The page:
In response to some criticisms, I have never buried my head in the sand. Even the ostrich doesn’t do that. And I have never stated any wrongful speed limit. and I have never disagreed with the fact that speed kills whether unlawful [against the speed limit] or just excessive [ie too fast for those circumstances as may be judged by a police officer] but from a statistical point of view you cannot put them together under the same umbrella.

    Personally I would like more traffic police officers on the road and more walking police officers on the streets and I dont mean plastic bobbies, but real ones.

    Bob Craven – Lancs
    Agree (0) | Disagree (0)

    Interesting to read in one of the contributors comments ‘9% of KSI accidents that involve, or might involve, speeding in the first place.’

    A quick look at table 4b: Contributory factors: Accidents by severity: GB 2007 (fatalities) will show exceeding the speed limit – 342, travelling too fast for the conditions – 417. Therefore in some 29% of fatal collisions; exceeding the speed limit (13%) and travelling too fast for the conditions (16%), were seen as contributory factors. These figures come from the reports of highly trained police officers after they have assessed the scene of a collision.

    I cannot accept the assertion that safety cameras cause collisions. Yes, drivers/riders may brake suddenly or be distracted at the sight of a camera; this is the result of poor driving/riding. You will also see some drivers/riders braking suddenly at the sight of a marked police vehicle, also the result of poor driving/riding skills.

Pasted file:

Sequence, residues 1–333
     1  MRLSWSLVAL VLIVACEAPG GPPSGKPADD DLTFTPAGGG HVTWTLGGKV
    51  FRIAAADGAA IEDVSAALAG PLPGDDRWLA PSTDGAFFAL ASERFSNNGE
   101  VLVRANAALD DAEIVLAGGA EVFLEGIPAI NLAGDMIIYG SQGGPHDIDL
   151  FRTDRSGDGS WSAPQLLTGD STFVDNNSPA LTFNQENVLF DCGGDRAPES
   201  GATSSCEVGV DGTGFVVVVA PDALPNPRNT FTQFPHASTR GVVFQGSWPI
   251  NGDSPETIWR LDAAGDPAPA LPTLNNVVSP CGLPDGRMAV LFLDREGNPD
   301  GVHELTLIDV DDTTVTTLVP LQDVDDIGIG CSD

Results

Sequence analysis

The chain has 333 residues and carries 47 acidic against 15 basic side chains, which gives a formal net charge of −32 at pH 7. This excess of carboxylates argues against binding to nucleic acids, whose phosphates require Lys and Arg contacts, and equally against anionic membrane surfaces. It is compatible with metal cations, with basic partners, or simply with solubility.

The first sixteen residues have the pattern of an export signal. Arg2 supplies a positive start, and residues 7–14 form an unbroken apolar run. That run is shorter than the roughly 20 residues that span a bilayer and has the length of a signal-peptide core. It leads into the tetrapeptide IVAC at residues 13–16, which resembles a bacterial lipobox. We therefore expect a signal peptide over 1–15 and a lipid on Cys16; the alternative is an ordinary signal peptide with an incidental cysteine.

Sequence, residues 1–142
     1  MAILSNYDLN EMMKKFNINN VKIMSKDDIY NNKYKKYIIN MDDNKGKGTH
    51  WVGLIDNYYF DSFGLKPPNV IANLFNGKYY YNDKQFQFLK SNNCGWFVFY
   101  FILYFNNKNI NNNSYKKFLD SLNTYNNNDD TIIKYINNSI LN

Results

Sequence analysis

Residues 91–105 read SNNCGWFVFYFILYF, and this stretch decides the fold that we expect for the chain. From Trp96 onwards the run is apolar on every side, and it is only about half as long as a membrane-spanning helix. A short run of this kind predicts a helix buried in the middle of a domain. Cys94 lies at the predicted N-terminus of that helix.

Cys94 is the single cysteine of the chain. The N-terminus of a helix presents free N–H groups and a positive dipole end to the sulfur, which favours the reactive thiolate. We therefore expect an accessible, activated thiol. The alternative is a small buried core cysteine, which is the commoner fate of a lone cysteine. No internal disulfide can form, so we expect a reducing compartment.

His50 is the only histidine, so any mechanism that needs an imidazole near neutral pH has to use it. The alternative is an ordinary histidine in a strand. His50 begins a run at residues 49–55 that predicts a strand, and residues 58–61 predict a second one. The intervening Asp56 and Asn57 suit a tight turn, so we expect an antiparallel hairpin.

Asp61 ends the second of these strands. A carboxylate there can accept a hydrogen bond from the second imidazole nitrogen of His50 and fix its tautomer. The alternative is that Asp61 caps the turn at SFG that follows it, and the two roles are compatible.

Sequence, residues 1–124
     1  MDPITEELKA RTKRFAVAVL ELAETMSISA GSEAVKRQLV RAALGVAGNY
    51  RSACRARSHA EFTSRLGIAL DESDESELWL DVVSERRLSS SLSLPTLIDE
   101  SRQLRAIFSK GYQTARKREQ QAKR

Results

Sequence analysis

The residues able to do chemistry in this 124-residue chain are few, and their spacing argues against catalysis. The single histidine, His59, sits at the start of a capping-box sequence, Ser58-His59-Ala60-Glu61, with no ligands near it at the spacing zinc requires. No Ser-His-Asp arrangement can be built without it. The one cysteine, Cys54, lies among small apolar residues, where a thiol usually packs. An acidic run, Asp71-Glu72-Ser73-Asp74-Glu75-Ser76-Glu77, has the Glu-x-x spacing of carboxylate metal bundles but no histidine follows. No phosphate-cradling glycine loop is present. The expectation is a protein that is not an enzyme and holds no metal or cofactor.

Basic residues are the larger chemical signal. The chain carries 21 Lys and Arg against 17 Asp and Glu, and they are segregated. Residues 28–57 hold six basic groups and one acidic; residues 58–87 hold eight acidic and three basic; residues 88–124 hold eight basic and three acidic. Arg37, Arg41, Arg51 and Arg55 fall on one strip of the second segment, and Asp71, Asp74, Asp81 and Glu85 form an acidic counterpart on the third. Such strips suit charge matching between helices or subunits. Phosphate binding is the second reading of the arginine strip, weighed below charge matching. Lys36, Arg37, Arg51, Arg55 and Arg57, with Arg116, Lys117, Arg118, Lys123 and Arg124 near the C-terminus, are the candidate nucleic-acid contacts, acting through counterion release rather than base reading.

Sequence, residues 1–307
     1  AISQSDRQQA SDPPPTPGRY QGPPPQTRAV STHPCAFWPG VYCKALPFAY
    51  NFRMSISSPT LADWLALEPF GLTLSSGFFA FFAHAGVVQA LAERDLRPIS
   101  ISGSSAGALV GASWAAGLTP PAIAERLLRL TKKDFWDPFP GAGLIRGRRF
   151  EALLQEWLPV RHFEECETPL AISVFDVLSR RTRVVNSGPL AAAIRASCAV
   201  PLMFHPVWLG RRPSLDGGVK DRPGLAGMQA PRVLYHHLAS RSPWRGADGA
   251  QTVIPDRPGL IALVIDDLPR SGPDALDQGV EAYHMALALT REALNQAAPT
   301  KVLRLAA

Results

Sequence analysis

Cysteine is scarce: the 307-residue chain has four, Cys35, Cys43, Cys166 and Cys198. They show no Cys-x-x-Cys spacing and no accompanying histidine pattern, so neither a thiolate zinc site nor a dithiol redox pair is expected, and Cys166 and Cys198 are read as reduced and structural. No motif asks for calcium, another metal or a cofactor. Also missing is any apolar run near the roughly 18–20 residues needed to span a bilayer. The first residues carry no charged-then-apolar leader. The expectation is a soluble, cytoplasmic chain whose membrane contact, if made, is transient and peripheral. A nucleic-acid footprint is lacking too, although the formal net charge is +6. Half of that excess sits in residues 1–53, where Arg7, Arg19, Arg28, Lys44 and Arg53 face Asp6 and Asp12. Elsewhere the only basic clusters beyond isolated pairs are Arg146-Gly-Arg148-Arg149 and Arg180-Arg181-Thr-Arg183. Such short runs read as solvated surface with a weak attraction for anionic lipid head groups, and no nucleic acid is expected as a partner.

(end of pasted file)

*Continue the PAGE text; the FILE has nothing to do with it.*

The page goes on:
The same contributor in the same comment also writes ‘Also cameras typically cut speeding by only some 50% or so.’ By any stretch of the imagination, 50% is a very significant figure – a good rationale for keeping safety cameras.

    Mark – Wiltshire
    Agree (0) | Disagree (0)

    We are being deceived, there is no good evidence showing that speed cameras improve road safety.

    Tony of Leicestershire claims “plateau on deaths” in the 90s but this is only 1/2 true.

    The 1st 1/2 of the 90s saw the largest fall in deaths that we have ever had, but this was BEFORE speed cameras. It was as soon as speed cameras started being used that the deaths stopped falling and the 1st 10 years of speed cameras was a disaster. Full details

    Also note that speed cameras have NEVER been subjected to scientific trials and the RTM effect has never been measured or eliminated. In short, the evidence in favour of cameras is weak at best and, whilst the authorities refuse to test or analyse properly, we simply should not continue with speed cameras.

    If any engineer in any other aspect of engineering were to be as incompetent and reckless as those responsible for speed cameras, they would be sacked and probably prosecuted. We wouldn’t allow it anywhere else, why do we allow complete disregard for engineering basics in road safety?

    Dave Finney – Slough
    Agree (0) | Disagree (0)

    A few quick points based on 1000s of hours study: